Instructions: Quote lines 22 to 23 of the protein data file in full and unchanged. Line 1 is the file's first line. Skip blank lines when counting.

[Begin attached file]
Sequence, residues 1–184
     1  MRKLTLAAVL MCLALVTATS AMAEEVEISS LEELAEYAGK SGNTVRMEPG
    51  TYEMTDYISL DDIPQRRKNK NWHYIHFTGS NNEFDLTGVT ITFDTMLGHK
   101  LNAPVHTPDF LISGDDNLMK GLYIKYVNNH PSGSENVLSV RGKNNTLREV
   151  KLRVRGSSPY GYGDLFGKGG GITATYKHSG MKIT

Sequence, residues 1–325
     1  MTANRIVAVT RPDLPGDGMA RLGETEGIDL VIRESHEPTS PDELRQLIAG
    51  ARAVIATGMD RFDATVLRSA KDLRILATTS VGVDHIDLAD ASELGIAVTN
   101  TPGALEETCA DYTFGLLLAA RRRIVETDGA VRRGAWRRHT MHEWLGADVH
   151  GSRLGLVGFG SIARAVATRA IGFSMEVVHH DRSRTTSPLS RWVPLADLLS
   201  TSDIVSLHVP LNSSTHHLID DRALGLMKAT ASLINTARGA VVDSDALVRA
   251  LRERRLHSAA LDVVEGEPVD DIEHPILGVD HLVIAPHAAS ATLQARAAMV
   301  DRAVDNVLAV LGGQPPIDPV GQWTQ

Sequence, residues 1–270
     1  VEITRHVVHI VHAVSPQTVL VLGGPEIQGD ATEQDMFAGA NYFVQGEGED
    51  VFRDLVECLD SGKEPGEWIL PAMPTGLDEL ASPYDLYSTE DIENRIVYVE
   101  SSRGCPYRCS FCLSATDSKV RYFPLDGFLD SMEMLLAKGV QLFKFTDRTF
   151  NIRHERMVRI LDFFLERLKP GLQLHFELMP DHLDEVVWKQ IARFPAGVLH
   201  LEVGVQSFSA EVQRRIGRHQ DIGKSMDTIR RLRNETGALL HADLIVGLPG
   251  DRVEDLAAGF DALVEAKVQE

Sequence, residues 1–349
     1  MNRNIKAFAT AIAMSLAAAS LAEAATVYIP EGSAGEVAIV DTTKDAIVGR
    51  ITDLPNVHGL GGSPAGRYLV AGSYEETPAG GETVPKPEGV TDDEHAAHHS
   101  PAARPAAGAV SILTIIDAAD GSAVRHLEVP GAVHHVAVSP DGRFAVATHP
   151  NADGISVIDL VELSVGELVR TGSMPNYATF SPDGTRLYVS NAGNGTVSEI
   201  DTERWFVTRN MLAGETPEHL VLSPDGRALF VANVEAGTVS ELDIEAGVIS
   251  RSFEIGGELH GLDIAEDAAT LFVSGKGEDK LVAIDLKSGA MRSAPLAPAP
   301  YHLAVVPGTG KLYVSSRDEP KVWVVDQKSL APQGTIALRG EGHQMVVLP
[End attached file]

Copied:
     1  MNRNIKAFAT AIAMSLAAAS LAEAATVYIP EGSAGEVAIV DTTKDAIVGR
    51  ITDLPNVHGL GGSPAGRYLV AGSYEETPAG GETVPKPEGV TDDEHAAHHS